We were very lucky to have Dr. Ulrike Bauer visit the laboratory the past 10 days to collaborate on a Nepenthes transcriptome project. On October 26th, she gave a wonderful departmental seminar ‘Springboards, water slides and sticky pools – How carnivorous pitcher plants catch their food’. Dr. Ulrike’s research uses carnivorous plants as a model to investigate mechanical defense strategies of plants. Her work combines the study of functional plant morphology with elements of biomechanics, ecology and developmental biology to address both ecological and evolutionary questions. I invite you to read about her current research that was featured on BBC.com this October (http://www.bbc.com/news/science-environment-34414284) and to watch a short video (http://tinyurl.com/ndt3o2b). Of course, between lab work and brainstorming, we had to visit some great San Diego wilderness areas.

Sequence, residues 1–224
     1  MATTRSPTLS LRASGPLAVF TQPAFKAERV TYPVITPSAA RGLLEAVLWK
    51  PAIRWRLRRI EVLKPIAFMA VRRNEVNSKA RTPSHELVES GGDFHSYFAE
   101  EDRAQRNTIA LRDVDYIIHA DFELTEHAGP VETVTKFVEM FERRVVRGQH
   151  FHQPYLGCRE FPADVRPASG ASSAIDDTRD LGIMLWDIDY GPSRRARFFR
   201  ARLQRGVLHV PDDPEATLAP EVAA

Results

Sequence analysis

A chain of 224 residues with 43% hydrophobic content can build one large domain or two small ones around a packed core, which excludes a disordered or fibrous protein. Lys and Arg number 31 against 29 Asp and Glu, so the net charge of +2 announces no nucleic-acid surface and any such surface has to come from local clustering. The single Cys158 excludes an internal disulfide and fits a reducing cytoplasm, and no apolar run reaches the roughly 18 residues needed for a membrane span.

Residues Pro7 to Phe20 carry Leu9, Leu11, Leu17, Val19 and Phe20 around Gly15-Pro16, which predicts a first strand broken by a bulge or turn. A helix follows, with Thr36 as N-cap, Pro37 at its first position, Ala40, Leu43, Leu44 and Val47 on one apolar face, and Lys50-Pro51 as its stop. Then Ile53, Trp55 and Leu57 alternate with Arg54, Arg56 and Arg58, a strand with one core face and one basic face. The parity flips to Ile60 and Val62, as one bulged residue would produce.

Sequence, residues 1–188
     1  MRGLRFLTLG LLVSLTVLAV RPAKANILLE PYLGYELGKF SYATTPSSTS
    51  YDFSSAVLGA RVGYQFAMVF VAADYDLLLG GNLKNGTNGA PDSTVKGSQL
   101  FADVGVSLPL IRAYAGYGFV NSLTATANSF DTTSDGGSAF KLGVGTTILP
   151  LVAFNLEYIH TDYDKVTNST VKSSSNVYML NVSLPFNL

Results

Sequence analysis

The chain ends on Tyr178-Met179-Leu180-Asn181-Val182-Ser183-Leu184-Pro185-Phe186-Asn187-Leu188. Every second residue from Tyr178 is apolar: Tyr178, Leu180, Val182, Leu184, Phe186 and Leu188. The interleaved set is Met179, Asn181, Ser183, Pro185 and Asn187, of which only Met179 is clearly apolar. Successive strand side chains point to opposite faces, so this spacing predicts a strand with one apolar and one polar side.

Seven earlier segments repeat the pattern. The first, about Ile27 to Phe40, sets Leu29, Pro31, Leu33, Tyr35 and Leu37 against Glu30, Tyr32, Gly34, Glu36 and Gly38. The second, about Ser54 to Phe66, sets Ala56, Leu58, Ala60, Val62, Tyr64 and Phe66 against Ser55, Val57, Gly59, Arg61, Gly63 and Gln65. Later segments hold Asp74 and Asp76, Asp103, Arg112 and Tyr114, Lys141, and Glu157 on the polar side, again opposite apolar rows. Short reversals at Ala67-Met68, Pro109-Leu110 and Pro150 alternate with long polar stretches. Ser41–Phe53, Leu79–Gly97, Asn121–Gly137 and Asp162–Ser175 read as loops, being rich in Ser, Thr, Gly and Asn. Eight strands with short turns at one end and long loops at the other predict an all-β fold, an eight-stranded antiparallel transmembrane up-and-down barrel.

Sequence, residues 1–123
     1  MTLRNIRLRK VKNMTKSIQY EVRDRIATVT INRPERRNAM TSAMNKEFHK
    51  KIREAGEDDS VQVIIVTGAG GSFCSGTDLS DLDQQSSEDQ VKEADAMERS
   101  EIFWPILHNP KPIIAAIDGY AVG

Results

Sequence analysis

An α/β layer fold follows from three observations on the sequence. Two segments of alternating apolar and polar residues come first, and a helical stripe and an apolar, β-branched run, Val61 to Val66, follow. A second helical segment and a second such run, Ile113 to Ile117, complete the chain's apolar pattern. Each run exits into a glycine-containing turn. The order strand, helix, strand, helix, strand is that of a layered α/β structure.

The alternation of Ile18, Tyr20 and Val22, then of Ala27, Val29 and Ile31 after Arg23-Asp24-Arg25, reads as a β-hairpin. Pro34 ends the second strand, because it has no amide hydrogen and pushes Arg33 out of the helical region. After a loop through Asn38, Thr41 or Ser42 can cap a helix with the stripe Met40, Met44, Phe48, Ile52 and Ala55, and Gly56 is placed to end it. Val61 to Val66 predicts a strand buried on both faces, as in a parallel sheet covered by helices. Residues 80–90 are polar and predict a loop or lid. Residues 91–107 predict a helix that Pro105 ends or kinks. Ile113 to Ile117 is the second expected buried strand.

Tanya is visiting Berkeley at the end of April to learn more about probe development/design for NGS and carnivorous plant phylogenetics. Thanks to Chelsea Specht and Chodon Sass!
Read more about Tanya’s trip here.
Tanya visited Harvard University to give a seminar for the Cambridge Entomological Club. She also had a chance to visit with Dr. Naomi Pierce, Shayla Salzman, and Dr. Leonora Bittleston in the Department of Organismic and Evolutionary Biology.
Beautiful poster created by Andrea Golden, CEC secretary/poster designer.
Tanya and undergraduate researcher Amanda Romaine are going to Evolution 2014! Please stop by Amanda’s poster on “The implications of life history on the molecular evolution of chemoreception in predatory paussine beetles”, research supported by NIH and the PERT program at the University of Arizona.
Update: We had a great time at Evolution 2014! Amanda had many people visit her poster and Tanya’s paussine chemosensory talk was well attended. We even had a chance to visit some carnivorous plants in the wild at the Green Swamp.